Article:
Roz Kaveney (rozk) wrote,
Roz Kaveney
rozk

Several things that no-one has been saying

1. Isn't it a little bit of a coincidence that Jack Straw's article about his dislike for the veil became a big story in the immediate aftermath of the Conservative Party Conference? And pretty much knocked extended post-mortems of whether Cameron has successfully reinvented his party off the news-stands?

Am I so cynical that I think New Labour would raise an issue that plays well with the working class labour base and the Daily Mail reading floating voter at just this point, even if it exacerbates ethnic and cultural tension? You betcha.



2. He was talking about full facial covering, not about headscarves. The large number of comments in e.g. the letter columns of the Independent which talked as if he were attacking all those items of clothing worn by some Islamic women for the sake of modesty were knee-jerk nonsense

Nor did he say he refused to talk to women who would not remove their veils, just that he expressed a preference.

I happen to think that he underestimates the dilemma that this puts his constituents in and the extent to which he is exploiting white middle-class male privilege, but simply saying that he would rather see their face is pretty low on the scale of oppression.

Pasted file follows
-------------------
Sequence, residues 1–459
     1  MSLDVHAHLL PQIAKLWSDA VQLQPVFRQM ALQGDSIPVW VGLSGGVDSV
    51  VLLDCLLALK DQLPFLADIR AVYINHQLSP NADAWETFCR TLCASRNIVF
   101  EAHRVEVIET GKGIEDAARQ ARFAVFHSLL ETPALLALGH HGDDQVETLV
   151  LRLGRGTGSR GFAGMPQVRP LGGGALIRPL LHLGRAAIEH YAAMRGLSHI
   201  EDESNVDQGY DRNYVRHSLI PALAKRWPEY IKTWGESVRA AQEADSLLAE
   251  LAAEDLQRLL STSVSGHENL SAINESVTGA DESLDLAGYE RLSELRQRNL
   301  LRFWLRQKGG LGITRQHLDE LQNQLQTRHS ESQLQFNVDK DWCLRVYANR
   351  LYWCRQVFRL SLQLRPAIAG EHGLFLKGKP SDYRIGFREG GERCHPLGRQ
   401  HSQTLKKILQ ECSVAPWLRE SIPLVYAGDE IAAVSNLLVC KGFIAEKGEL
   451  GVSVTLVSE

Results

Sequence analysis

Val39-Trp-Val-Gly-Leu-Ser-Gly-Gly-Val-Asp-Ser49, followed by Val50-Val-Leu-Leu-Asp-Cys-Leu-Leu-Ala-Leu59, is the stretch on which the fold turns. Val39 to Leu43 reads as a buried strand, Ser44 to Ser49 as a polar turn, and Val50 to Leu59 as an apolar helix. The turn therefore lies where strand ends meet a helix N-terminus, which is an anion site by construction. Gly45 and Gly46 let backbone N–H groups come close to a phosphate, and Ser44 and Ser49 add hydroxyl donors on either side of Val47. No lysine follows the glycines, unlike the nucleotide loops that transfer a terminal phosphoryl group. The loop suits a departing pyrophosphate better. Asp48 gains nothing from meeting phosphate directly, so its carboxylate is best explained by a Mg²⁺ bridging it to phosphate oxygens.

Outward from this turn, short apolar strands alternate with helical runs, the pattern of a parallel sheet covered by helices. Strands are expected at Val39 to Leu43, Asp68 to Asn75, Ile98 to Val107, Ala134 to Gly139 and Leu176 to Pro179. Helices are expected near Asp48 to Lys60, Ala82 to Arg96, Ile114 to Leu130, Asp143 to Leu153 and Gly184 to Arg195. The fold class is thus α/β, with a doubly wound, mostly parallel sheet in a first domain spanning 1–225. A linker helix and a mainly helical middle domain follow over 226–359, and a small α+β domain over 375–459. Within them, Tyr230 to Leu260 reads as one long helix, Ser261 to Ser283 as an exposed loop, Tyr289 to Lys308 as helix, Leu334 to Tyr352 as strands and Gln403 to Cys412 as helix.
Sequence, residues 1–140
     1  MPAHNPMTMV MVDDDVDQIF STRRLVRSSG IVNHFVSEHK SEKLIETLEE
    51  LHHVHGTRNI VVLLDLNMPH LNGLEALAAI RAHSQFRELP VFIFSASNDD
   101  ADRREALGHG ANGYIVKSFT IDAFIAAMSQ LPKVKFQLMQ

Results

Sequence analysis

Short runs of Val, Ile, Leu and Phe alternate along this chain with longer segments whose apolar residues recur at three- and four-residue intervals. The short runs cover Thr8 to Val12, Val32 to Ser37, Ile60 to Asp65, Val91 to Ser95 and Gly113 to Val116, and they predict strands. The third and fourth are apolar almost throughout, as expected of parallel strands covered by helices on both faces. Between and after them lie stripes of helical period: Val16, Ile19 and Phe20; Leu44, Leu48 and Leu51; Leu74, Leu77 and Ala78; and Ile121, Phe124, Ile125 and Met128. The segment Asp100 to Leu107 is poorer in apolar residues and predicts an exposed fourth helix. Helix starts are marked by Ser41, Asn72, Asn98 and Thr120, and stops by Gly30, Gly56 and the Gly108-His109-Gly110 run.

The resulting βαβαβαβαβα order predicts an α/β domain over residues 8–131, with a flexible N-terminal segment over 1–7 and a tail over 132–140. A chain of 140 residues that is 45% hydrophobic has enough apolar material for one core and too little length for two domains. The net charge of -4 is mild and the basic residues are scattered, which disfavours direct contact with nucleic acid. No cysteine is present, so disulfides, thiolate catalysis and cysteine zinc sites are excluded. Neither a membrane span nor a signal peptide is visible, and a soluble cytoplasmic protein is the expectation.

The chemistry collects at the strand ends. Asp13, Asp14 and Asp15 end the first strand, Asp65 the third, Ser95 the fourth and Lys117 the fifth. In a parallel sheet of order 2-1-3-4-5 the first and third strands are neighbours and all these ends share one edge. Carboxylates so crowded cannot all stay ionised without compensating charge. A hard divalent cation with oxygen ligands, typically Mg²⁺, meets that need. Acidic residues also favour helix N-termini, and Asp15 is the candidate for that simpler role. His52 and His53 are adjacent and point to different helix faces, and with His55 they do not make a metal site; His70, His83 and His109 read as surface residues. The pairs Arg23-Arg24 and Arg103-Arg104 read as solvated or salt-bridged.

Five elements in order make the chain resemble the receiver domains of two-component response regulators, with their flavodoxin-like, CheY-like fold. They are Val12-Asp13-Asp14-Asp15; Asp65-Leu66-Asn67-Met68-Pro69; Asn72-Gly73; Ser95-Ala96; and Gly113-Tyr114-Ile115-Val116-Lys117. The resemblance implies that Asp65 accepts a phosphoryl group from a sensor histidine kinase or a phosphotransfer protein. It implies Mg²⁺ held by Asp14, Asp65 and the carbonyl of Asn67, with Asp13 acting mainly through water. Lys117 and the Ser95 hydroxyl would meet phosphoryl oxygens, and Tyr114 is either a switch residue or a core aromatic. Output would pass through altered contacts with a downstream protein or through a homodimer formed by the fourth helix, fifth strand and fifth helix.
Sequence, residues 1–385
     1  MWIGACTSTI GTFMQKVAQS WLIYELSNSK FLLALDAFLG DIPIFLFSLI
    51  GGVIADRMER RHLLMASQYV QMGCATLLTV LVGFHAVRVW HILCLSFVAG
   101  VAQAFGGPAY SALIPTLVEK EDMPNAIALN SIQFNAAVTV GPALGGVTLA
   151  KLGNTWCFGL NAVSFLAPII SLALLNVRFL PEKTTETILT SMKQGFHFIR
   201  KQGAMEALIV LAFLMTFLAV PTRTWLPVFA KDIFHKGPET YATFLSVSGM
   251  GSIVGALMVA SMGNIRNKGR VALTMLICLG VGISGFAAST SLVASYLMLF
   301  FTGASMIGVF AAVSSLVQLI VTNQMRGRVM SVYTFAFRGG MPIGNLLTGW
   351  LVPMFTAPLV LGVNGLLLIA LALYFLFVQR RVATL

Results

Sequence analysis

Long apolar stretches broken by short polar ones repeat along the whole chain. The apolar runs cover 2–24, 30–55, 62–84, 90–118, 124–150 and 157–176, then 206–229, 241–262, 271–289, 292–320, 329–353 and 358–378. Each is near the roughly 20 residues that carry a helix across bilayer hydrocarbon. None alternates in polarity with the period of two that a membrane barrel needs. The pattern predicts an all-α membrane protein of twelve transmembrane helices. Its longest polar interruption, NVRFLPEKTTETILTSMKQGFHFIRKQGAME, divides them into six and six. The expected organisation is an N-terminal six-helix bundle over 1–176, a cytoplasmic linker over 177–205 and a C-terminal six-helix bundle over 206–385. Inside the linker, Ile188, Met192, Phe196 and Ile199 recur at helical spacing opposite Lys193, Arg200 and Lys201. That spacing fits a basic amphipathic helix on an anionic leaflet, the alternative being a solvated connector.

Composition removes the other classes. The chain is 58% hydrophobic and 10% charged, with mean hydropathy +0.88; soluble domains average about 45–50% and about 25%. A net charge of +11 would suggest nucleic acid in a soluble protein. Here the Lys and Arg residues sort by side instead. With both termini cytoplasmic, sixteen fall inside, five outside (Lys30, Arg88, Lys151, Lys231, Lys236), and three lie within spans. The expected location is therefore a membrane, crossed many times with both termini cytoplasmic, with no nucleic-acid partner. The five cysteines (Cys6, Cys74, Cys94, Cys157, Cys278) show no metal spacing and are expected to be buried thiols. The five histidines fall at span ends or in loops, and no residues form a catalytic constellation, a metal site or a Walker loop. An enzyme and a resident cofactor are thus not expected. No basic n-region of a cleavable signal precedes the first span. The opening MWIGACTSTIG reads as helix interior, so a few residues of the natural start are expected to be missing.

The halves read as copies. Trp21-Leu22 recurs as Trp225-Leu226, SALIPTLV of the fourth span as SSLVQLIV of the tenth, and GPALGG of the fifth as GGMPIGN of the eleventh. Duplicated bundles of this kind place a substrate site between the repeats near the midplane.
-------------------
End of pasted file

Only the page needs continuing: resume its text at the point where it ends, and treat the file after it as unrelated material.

Compared to, e.g. , invading Iraq.

3. He actually has a very good reason for asking to see their faces which he did not mention in the article and which hardly anyone has mentioned in the newspapers, which is that Jack Straw is reasonably well-known to be seriously deaf and to need to lip read.

Possibly this is something he is going to mention later, but I think that it has rather more to do with the deeply oppressive cultural attitudes to deafness in this country as not a proper disability, or as funny. He can't mention it, because being deaf is not being in a minority people respect.

The point several commentators made about Straw implying Blunkett, who is blind, couldn't do his job properly because he couldn't see people is accordingly in rather bad taste.

(I have noticed that even so-called progressives in the UK are insensitive to a number of disability issues - when I was at Liberty, everyone went on and on about inclusiveness while occupying a building with no disability access whatever, loos on upper floors up windy dangerous staircases. No-one with mobility issues could possibly have worked there or served on committees.

Similarly, there was a deep hostility to anyone who admitted even mild mental illness as part of their history - in a complicated internal vote-rigging case, I pointed out that the alleged actions of the accused made no sense. 'They don't have to make sense' someone said, 'he admits to being mentally ill.' Which is to say, that in Civil Liberties land, certain disabilities mean that you get a lower standard of proof...)